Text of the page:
• Noncash consideration – An entity should measure the noncash consideration at fair value. If fair value cannot be reasonably estimated, then the value should be measured indirectly by reference to the standalone selling price of the goods or service exchanged.
  • Consideration payable to the customer – If an entity pays consideration to a customer (e.g. credit, a coupon, or a voucher), the entity should account for the payment as a reduction of the transaction price or as a payment for a distinct good or service, or both.

Step 4: Allocate the Transaction Price to the Performance Obligations in the Contract

For contracts with more than one performance obligation, the total transaction price determined in Step 3 should be allocated to the various performance obligations in proportion to each performance obligation’s relative standalone selling price. Standalone selling price can be thought of as vendor-specific objective evidence (VSOE) currently used under ASC 985-605 Software Revenue Recognition and is the first level in the relative selling price hierarchy under 605-25-30-2 Multiple-Element Arrangements. If a standalone selling price is not observable, then an entity must estimate it. Acceptable methods for estimating the standalone selling price of a good or service include, but are not limited to, the following:

  • Adjusted market assessment approach – For example, a competitor’s price adjusted for the entity’s cost and margins. This is similar to “third-party evidence” of selling price which is the second level in the relative selling price hierarchy currently used under Multiple-Element Arrangements.
  • Expected cost plus a margin approach – This is somewhat self-evident but would be an entity’s expected costs plus an entity’s expected margin. This is similar to a “vendor’s best estimate” of selling price, which is currently the third level in the relative selling price hierarchy currently used under Multiple-Element Arrangements.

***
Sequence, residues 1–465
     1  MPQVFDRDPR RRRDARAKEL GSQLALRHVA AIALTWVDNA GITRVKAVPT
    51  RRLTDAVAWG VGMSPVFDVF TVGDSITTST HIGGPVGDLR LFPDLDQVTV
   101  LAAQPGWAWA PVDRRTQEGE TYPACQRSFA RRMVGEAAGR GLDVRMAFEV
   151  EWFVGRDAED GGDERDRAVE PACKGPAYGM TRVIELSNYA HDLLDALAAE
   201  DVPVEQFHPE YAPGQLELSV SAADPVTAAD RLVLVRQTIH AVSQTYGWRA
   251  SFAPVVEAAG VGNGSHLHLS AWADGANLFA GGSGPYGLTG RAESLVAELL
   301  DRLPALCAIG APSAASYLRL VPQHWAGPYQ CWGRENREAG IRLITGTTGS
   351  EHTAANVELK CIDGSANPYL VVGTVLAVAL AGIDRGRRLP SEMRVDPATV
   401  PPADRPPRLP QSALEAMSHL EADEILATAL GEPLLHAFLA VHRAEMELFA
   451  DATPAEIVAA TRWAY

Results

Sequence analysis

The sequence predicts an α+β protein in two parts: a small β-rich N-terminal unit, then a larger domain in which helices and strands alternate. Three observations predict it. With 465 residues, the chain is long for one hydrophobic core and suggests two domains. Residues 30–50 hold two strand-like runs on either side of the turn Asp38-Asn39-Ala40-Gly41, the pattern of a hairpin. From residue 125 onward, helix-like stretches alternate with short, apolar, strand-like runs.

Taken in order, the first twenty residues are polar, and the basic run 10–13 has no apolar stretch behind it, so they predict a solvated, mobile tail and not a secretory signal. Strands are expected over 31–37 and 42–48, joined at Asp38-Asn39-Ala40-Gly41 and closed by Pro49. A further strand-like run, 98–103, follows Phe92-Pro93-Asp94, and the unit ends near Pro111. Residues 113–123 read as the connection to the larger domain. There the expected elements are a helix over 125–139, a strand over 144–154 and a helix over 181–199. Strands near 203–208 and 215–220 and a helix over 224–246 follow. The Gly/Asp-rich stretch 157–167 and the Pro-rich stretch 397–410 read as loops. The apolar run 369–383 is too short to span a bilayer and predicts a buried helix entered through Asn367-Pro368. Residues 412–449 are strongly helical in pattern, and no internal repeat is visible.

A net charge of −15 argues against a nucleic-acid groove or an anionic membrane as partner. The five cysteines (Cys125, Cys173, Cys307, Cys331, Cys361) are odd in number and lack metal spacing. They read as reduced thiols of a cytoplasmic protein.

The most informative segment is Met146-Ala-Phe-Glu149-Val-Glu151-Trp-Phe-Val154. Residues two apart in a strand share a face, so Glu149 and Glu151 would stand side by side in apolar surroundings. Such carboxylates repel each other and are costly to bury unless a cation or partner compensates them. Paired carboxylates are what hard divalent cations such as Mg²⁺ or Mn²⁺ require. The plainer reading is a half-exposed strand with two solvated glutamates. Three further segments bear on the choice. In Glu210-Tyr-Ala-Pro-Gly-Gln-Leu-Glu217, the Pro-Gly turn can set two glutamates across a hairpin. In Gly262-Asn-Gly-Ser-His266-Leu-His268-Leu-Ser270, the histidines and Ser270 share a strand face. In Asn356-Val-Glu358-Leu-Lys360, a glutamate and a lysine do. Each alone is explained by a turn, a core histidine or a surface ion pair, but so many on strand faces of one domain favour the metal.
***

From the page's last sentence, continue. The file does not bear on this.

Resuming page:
• Residual approach – For example, total contract consideration less sum of observable standalone selling prices. Nonobservable selling prices may be used to determine the residual amount, so long as evidence of standalone selling prices doesn’t exist. The residual approach is currently not used under Multiple-Element Arrangements, but is a method under Software Revenue Recognition. However, under Software Revenue Recognition, VSOE must exist for all delivered elements which is not the case under this new standard.

A combination of methods maybe used.

Discounts or variable consideration that relates entirely to one performance obligation should be considered and possibly allocated to just that performance obligation, or to just some of the performance obligations rather than to all performance obligations in the contract.

Step 5: Recognize Revenue When (or as) the Entity Satisfies a Performance Obligation

A good or service is satisfied when (or as) the customer obtains control of that good or service.

Either goods or services are satisfied over time, and thus revenue recognized ratably over time or goods and services are satisfied, and revenue recognized at a point and time.

An entity transfers control of a good or service over time if one of the following criteria is met:

  • The customer simultaneously receives and consumes the benefits provided by the entity’s performance as the entity performs.
  • The entity’s performance creates or enhances an asset (for example, work in process) that the customer controls as the asset is created or enhanced.
  • The entity’s performance does not create an asset with an alternative use to the entity, and the entity has an enforceable right to payment for performance completed to date.

The amount of revenue recognized for goods and services satisfied over time should be determined using a consistent method of measuring the progress toward completion. Acceptable methods of measuring progress include output methods and sometimes input methods (e.g. costs).

To determine the point in time at which a customer obtains control of an asset, the entity would consider indicators of the transfer of control, which include, but are not limited to, the following:

  • The entity has a present right to payment for the asset.
  • The customer has legal title to the asset.
  • The entity has transferred physical possession of the asset.
  • The customer has the significant risks and rewards of ownership of the asset.
  • The customer has accepted the asset.

Virtually every industry will be impacted by this new standard; however, some industries will experience greater changes than others. Cherry Bekaert will be releasing a series of blog posts over the following weeks providing more information on the new standard.